Adoption is far from straightforward emotionally and existentially. This is conveniently neglected by our societies.We must not compound this, by disregarding adopted people's feelings, sensibilities, and such deep needs.


Posted by L Roberts at Tuesday, 13 May 2008 at 1:57pm BST

@MadPriest:

Dare I admit that the idea of a "war" between OCICBW and TA would be so entertaining that I would actively encourage Simon to post some Anglican sex on bicycles?

/me starts to make some popcorn and prepares to watch the show

Posted by Walsingham at Tuesday, 13 May 2008 at 7:04pm BST

A few things to think about:

50% of human conception end in miscarriage, a large fraction before a woman even knows she is pregnant. Any sexually active woman who has her period a little late might be miscarrying.

The unfertilized egg is not a person...is it? If it is, then all women are pregnant all the time. (We are born with all our eggs).

An "Egg" is not considered an embryo unless it is fertilized by a sperm. Is replacing Egg's nucleus with that from a skin cell creating a person? (Somatic nuclear transfer). How, since it can never develop?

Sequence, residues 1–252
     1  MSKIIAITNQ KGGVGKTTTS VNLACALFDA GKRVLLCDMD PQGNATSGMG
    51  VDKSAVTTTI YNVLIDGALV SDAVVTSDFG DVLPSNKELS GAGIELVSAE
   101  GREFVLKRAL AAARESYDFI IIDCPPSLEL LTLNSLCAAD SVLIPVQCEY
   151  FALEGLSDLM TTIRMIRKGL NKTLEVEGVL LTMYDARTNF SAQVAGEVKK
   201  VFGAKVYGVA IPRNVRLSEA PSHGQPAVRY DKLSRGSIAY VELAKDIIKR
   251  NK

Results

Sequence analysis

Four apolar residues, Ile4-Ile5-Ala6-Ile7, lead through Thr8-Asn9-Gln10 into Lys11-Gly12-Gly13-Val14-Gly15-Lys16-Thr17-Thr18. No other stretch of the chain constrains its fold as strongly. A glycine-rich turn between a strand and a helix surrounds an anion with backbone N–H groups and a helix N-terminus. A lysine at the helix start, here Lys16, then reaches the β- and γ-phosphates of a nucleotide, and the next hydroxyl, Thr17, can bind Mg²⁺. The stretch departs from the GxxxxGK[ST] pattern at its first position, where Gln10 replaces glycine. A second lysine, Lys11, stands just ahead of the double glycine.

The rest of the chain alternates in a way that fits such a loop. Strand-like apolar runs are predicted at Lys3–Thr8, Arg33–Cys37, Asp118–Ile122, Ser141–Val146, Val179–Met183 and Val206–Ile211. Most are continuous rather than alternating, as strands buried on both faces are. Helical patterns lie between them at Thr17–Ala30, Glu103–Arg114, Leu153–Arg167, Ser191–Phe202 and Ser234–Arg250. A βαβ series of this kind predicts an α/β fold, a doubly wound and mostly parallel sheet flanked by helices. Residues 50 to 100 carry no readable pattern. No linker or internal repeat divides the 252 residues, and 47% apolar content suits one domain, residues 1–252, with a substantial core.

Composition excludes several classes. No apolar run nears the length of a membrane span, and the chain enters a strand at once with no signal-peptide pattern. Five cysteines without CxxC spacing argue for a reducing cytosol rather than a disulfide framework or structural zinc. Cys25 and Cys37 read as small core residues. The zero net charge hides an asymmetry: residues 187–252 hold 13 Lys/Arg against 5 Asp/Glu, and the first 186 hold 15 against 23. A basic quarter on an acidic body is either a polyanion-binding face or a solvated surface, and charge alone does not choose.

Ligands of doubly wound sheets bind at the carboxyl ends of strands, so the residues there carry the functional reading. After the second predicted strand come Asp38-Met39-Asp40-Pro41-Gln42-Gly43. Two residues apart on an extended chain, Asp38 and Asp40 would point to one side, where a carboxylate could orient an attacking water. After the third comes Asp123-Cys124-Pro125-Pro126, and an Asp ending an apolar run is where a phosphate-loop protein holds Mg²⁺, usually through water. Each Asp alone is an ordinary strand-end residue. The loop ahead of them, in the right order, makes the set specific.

Are tissue culture plates in the incubator human? Does it make a difference if they are primary explants?

Are chimerae of human/rodent cells human, or rodent?

The embryo vs. baby argument: if you are in a burning clinic, and can rescue 1 live infant, or 50 straws of embryos, but not both, which would you rescue?

IT

Posted by IT at Wednesday, 14 May 2008 at 2:41am BST

Well, here is a thought process that I've had in the back of my mind for some time.

Consider that there is a fairly definite medical definition of death: the lack of a pulse and a brainwave. When those things are lacking, the person is "clinically dead".

Suppose if we turn that on its head and say that the embryo is not really "alive" until a brainwave and pulse is detectable (usually around the 11th week of pregnancy IIRC).

Thoughts?

Posted by Walsingham at Wednesday, 14 May 2008 at 10:49pm BST